One of the Two
The question of self-pity, Joan Didion called it in The Year of Magical Thinking. It’s a question that runs through me, a question I want to avoid, when I tell you that I am motherless.
Of course, I had a mother. I was not motherless; I was motherfull. I was mothered until I was 15; then I was unmothered, unmoored.
Can there be a daughter without a mother? If you are not a daughter, and you do not have a mother, who are you?
In the 1980s and early 90s, I lived a relatively sheltered life with my small family. I spent summers with my grandparents on the eastern and western ends of North Carolina; my home in Charlotte was about halfway between my mom’s parents and my dad’s. My parents and I, an only child, spent a week each summer at the North Carolina coast. I went to camp in the mountains each summer. We went to the United Methodist church every Sunday; my mom sang in the choir. I danced in ballet recitals every May; I played show tunes on the piano. I rode my bike to piano lessons. We had a house in the suburbs. We had three cats.
The summer I was 13, during our week at the beach, my mother sat on the faded pastel floral sofa in our beachfront condo, clutching her left side, moaning in agony from abdominal pains. To see her show that kind of pain was unprecedented to me.
Upon our return to Charlotte, she visited our family doctor, who directed her to an oncologist, who performed a painful bone marrow biopsy, diagnosing her with myelofibrosis, a disease that scars the bone marrow, stopping it from producing blood cells. An enlarged spleen, trying to make the blood cells her marrow could not, had caused her first outward symptom: the abdominal pains. The disease is extremely rare, treatments guessed at, always fatal.
My parents told me about the disease and its prognosis. At 13, I was able to understand illness, and life, and death, in its most basic sense. I imagine now that they did not tell me everything, that they kept some of it from me to protect me. At the time, though, it felt as if I knew too much.
I had an active imagination, and I could pretend that nothing was wrong. It was easy to fake, much easier than preparing myself for the fact that she would, one day, sooner than I ever thought, die.
I prayed, every night in bed that she would get better via a miracle or a misdiagnosis. This nightly prayer was my only acknowledgement that she might not get better. The rest of the time, I forced myself to believe she would. My mother would not die because in what kind of world would I live if a teenage girl’s mother died?
The doctors confirmed that most of the time, the disease was slow moving, with a life expectancy from time of diagnosis of five to 10 years, maybe more. At least, I thought, she would be there when I graduated from high school, maybe when I graduated from college.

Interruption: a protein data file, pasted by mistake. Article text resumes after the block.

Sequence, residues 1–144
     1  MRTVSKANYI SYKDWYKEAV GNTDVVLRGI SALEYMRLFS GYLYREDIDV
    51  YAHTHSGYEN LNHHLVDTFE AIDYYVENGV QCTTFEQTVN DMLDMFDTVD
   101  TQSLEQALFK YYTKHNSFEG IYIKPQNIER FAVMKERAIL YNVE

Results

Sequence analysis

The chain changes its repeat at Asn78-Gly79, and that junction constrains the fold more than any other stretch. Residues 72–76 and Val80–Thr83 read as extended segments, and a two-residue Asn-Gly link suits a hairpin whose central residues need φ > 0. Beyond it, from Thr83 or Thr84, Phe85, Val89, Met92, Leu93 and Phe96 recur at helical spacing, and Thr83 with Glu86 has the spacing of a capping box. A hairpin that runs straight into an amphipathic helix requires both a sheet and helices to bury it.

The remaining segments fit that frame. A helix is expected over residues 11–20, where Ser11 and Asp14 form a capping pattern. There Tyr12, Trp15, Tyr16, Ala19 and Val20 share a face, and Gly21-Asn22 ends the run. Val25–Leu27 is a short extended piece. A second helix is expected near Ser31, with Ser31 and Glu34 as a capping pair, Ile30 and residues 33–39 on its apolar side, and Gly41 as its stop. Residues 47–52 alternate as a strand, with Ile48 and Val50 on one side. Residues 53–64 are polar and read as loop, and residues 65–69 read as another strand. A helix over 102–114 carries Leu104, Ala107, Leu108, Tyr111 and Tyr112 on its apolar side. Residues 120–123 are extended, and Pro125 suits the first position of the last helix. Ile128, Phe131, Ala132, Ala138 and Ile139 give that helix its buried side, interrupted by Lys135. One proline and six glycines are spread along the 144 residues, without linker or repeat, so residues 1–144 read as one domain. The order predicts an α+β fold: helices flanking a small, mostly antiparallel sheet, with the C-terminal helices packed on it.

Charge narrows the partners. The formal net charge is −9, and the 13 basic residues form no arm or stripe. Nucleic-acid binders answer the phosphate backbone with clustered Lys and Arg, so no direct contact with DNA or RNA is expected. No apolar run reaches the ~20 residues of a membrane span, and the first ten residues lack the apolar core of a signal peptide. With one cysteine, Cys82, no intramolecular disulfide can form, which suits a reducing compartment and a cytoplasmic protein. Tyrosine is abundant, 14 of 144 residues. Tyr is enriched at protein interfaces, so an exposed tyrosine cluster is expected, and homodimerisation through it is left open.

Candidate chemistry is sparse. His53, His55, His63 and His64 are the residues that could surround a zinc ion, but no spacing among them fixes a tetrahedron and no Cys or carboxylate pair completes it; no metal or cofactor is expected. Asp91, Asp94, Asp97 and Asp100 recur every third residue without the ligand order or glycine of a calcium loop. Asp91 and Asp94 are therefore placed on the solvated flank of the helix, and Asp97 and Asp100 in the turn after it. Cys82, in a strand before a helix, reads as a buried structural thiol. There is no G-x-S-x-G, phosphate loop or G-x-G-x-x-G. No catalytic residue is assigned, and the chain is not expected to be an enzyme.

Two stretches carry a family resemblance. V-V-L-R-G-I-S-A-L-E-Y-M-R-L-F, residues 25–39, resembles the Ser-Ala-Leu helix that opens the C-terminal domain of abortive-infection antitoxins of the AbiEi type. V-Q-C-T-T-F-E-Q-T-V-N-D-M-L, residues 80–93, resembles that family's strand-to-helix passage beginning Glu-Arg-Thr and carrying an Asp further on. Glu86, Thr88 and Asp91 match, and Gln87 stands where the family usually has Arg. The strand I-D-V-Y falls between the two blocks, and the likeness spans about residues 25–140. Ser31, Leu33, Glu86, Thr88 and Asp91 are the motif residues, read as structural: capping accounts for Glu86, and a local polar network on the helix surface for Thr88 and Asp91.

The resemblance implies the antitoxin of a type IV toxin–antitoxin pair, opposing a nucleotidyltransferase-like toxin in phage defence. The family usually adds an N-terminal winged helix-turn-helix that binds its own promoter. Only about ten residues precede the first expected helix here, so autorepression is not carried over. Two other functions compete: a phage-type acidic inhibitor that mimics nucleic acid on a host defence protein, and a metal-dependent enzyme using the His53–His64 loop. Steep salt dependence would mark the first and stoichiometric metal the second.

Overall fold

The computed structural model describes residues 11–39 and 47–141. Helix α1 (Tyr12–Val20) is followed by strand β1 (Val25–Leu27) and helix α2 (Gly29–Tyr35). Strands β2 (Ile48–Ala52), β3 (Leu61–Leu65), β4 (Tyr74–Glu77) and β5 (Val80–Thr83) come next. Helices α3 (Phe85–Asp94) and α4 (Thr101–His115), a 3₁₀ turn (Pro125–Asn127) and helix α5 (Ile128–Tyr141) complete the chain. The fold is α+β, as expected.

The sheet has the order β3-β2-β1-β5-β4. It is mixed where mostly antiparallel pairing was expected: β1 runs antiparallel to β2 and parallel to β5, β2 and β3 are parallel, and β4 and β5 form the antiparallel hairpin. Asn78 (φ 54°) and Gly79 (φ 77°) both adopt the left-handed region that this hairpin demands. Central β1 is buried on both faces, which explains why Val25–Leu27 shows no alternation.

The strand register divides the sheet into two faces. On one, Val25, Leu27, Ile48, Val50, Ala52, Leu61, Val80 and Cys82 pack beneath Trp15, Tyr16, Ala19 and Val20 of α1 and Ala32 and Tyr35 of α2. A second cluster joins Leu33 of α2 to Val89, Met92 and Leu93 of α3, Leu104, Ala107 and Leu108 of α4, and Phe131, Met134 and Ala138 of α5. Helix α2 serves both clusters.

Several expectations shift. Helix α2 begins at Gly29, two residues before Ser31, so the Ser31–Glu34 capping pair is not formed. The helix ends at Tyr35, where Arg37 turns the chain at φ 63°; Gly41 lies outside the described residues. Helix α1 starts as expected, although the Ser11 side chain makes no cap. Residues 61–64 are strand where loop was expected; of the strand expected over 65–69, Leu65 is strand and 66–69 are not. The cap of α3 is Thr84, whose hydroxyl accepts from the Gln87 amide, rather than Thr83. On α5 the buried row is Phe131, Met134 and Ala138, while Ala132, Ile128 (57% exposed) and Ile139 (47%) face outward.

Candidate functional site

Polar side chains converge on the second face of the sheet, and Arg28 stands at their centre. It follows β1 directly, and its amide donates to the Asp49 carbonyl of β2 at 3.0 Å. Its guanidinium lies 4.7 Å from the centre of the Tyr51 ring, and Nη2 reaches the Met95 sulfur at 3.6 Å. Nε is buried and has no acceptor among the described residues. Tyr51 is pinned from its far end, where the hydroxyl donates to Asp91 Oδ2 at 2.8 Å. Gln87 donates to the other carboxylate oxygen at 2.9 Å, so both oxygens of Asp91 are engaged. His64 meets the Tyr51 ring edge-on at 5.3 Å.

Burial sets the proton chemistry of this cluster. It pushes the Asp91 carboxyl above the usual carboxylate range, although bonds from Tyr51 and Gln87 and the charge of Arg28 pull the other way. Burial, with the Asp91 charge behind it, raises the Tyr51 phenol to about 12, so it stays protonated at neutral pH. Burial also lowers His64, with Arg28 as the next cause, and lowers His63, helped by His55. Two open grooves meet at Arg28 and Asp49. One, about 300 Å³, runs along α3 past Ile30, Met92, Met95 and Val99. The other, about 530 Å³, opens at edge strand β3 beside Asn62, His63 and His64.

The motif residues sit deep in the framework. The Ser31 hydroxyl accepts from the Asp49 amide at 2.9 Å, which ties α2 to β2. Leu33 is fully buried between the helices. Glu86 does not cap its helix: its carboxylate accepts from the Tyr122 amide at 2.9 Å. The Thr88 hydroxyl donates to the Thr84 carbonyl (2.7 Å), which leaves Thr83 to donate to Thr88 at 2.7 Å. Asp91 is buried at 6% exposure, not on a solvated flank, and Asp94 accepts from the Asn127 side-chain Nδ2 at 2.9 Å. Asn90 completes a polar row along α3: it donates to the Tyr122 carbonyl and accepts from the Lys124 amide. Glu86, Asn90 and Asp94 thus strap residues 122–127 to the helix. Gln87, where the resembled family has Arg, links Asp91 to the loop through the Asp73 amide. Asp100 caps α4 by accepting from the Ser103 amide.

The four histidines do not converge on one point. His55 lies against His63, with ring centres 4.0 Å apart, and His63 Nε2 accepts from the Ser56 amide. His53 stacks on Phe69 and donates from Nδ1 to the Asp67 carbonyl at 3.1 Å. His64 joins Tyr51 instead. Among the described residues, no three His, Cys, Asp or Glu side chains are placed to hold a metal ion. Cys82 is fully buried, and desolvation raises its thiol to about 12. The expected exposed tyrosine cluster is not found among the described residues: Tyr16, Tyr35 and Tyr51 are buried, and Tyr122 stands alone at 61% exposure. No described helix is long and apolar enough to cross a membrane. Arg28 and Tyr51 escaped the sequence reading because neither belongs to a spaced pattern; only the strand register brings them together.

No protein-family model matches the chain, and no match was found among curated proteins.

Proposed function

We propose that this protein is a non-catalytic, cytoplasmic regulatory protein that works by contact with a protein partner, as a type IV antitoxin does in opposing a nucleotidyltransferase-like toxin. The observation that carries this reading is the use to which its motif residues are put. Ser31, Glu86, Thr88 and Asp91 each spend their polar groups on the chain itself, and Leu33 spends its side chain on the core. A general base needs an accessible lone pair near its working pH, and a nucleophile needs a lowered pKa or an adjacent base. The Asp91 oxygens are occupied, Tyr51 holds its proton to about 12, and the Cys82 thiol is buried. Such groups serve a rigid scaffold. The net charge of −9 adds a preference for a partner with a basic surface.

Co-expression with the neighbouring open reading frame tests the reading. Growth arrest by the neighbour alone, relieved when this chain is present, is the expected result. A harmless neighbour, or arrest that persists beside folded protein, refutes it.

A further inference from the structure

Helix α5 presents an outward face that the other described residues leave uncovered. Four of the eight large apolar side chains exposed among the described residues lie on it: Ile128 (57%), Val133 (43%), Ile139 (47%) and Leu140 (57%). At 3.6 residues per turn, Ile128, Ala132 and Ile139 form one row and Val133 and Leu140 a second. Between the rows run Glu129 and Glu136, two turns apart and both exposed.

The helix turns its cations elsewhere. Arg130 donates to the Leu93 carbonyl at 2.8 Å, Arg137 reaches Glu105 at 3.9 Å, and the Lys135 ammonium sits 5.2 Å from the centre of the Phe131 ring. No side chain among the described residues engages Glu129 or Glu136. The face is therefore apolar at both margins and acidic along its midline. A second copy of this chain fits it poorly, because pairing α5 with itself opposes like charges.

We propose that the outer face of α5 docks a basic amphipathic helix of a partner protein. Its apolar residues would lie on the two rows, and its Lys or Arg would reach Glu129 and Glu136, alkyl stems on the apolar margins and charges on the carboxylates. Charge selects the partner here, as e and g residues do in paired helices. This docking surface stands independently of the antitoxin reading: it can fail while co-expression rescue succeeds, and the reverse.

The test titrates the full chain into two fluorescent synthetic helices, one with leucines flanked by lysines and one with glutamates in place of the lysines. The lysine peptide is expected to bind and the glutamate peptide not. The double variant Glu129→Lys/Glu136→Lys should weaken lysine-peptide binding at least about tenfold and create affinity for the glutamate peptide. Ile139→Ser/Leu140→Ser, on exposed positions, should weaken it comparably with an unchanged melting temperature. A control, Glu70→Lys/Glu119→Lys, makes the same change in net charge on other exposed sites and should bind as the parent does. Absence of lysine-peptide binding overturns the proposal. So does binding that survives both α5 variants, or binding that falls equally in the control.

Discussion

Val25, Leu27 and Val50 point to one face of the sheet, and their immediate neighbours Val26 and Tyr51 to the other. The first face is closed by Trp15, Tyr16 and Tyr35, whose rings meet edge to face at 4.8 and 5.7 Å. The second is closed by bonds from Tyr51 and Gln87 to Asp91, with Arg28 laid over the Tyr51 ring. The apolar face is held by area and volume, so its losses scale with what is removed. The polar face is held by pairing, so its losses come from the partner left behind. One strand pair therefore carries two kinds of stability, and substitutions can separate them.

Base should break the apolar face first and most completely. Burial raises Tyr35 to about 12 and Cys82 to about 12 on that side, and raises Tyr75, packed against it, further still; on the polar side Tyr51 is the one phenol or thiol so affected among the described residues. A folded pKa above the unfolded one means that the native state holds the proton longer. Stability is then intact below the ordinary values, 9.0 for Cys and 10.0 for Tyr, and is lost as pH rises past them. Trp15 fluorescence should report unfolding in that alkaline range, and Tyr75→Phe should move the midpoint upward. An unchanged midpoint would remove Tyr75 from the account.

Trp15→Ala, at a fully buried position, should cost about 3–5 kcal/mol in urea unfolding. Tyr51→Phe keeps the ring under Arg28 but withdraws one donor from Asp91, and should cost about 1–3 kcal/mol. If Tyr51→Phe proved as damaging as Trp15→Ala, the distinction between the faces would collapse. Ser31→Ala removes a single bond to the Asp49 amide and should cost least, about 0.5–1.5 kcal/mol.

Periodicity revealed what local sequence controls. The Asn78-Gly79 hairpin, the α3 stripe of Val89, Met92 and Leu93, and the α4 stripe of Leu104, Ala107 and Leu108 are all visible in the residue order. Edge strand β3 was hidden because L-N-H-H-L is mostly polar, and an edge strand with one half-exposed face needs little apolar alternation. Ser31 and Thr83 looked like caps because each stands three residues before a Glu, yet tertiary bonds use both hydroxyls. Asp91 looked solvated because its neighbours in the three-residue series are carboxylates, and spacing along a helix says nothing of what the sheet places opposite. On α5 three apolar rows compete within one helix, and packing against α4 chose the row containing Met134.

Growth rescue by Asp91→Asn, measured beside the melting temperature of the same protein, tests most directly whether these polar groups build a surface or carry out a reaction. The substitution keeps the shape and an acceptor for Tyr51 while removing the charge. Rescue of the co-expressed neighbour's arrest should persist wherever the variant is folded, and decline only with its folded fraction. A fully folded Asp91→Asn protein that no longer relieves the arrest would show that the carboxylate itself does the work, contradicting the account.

She died in two years, on September 11, 1994.
When her body started shutting down, it was the end of August. She stopped going to work. I was still going to school—I was in 10th grade and had just started high school. When I came home, I would go to her room, where she lay on the bed, and ask her if she needed anything. I would bring her a glass of water or some juice.
One day, she went to the hospital. Maybe she knew, but I did not, or did not want to think, that she would not come home again.
After school one day, my dad picked me up to take me to the hospital. Her oncologist wanted to meet with us, he said. She was dying, the doctor said. Her myelofibrosis had developed into acute leukemia, a common end for these patients. We had two options, he told us. Let the leukemia run its course, which would be swift, or do intensive radiation therapy, which would prolong her life for a while—six months, maybe.
Her parents and my father wanted to choose the former option: let the leukemia run its course, let her die. It was an option I understood logically, but emotionally, I could not abide it, could not be a willing accomplice to death. My mom, too, had told my dad that she did not want to have her life prolonged unnaturally. Yet even something that would prolong her life unnaturally seemed, to me, more natural than not having a mother.
Until I looked at a calendar from 1994, I would have sworn that the day she died was a school day.
In reality, September 11, 1994, fell on a Sunday.
Now that I know that, it sounds familiar: a story I’ve heard before.
The ICU where she lay was all white, starched, disinfected. I’m sure the air conditioning was on high, keeping everything cool; the many machines required for patients in the ICU would heat the small rooms up, feverish and sweating. I remember the ICU like a wheel, the nurses’ desk in the center of the room, the rooms surrounding it like spokes, a circle with no beginning.
I could see the nurses’ desk from where I sat on the edge of my mom’s bed. My mom herself was pale yet hot, swollen, attached to a ventilator, the only thing keeping her alive. She was sedated so that she would not feel anything, not even pain, would not know what was happening to her. She was not privy to the fact that she was dying.